DebunkEU has adopted several red flags that could suggest an account being likely inauthentic (ie, troll, bot, hacked account) – a recent date of creation, suspicious profile activity (eg, inactivity for years or hyperactivity and continuous posting), posting exclusively political content, misaligned account name and the name in the URL (eg, mismatched gender, geographical-cultural region), suspiciously large number of friends (over 2,000), etc.
Accounts originating from African countries displayed an unusually high and similar number of friends (4,900). Most of such profiles were from Nigeria.
Analysts also found a group of African-origin accounts dedicated to the spread of pro-Kremlin propaganda.
A small group of accounts were most likely bots, as they were characterised by a similar form of name writing, similar bios, their activity and the interaction of other suspicious accounts on their profiles.
The suspicious accounts also shared other common features, such as the use of symbols in their bios, Also, the accounts linked their supposed other social media profiles, yet these links were either inactive or led to someone else's social media profiles. The same accounts sometimes provided their WhatsApp numbers – checking some of the phone numbers revealed that they were linked to scam chat rooms.
The accounts also encouraged to add them as friends, sometimes commenting that they are testing operating “speed farms”, ie follower aggregators.
The potentially inauthentic accounts create a huge network, which leads to an increased ability to spread their 'liked' content and amplify their reach. By researching “friends” and “likes” on the suspicious profiles, DebunkEU tracked Facebook groups acting as “follower farms”, like a public group named Follow To Follow Back Facebook Page with over 250,000 members. Accounts with thousands of friends were among those sharing the posts on Kaliningrad.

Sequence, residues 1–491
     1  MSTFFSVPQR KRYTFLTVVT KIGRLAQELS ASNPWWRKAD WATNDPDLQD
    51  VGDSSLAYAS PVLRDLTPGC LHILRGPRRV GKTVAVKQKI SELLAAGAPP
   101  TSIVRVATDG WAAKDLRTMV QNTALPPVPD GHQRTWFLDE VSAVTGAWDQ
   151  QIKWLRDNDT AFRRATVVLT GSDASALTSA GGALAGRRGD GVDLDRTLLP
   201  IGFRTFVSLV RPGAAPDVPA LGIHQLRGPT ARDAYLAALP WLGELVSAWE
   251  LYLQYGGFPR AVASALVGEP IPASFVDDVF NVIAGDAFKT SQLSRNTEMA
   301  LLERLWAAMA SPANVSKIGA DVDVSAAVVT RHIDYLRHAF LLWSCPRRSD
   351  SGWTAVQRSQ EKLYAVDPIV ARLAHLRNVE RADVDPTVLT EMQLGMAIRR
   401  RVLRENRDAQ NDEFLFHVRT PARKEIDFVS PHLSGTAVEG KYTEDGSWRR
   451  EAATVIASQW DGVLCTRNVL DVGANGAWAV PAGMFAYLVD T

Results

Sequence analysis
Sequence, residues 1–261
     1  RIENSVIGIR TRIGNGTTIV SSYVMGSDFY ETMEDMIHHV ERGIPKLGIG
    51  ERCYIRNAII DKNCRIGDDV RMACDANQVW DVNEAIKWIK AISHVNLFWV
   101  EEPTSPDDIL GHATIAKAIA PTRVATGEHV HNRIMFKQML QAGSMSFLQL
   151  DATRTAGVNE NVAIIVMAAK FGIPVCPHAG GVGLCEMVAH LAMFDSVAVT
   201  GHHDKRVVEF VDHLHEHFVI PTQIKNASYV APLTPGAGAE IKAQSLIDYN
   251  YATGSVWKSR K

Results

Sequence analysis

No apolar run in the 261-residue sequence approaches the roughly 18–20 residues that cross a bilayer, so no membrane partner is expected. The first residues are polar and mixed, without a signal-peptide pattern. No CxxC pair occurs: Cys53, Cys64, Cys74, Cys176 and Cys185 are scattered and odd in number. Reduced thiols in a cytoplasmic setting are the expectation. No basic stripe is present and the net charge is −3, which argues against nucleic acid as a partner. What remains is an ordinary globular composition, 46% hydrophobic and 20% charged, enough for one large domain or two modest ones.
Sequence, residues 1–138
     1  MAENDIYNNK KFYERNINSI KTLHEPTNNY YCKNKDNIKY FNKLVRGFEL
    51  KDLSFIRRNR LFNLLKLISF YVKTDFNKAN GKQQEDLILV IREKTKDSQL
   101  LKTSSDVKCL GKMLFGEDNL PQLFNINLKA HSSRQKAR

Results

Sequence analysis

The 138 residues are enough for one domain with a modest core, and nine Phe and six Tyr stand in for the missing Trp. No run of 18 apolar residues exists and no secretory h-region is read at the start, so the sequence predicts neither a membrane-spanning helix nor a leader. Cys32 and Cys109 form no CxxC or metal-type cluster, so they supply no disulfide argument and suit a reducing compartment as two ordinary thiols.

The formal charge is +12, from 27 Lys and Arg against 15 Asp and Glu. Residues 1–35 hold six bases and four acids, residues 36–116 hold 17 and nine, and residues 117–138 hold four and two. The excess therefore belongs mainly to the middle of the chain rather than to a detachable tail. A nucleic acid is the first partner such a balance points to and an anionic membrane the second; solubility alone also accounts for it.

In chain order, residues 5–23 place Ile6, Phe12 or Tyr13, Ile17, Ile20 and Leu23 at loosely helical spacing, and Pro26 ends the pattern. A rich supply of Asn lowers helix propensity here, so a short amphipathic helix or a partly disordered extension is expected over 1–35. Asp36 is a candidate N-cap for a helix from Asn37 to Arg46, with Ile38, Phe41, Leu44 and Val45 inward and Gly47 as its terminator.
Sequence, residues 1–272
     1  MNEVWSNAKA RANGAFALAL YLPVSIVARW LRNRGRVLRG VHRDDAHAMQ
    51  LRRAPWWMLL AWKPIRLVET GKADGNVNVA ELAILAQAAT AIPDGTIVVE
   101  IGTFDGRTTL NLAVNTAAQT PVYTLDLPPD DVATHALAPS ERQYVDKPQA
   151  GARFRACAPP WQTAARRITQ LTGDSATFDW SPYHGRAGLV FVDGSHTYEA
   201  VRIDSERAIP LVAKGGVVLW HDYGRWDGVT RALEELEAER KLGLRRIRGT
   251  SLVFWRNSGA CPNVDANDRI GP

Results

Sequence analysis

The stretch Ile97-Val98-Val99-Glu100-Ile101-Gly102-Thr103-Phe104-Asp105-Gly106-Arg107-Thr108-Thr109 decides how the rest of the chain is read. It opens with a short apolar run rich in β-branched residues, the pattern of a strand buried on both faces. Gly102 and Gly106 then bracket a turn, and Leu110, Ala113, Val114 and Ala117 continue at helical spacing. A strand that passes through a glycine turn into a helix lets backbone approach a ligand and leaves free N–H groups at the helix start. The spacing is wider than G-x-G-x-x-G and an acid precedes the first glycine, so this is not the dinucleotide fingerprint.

‘Account-renting’ in the Philippines
DebunkEU also discovered a potential modus operandi of disinformation campaigns on social media when it found an advertisement offering money if one agreed to "rent your Google Ads Account to put and run [client's] ads from 9pm to 6am”. This activity is particularly popular in the Philippines.
Similar targeted campaigns also offer people to rent their social media accounts, including on Facebook. Although the name of the account sharing the ad was Filipino, the URL showed a Russian-sounding name. The profile also had many Russian pages in the "likes" section and provided profile links to social media widely used in Russia (Odnoklassniki and VKontakte). Both links are inactive.
DebunkEU also analysed 8,936 comments written by 3,140 accounts under six posts. They were not usually directly related to the topic of sanctions. Instead, they tackled issues on a more general level, spinning discussions about the West and the Russian invasion of Ukraine.
A narrative analysis technology developed by Graphika helped to identify common themes among the comment text, and its network analysis technology to identify audiences engaging with these themes. Early findings include propaganda, anti-Ukraine and pro-Russia narratives, engaged with by audiences around the world, including coordinated actors who support the Assad regime in Syria and Mexican journalists and researchers.
New disinformation strategies
The analysis reveals a new way of manipulating information on social media. Posts containing links to LRT’s articles became a target of an attack from foreign Facebook bot and troll farms. The supposed aim of the malign social media campaign was to increase pressure on international opinion and create fears about possible implications of continuing sanctions.
These goals coincide with the interests of Russia, which at the same time waged a political campaign to intimidate the public by threatening consequences. While the analysis did not show any direct involvement of state actors, the campaign would be in line with the goals of the pro-Kremlin propaganda.
The article was originally written by DebunkEU. An edited and condensed version was republished by LRT English. The full investigation can be found here.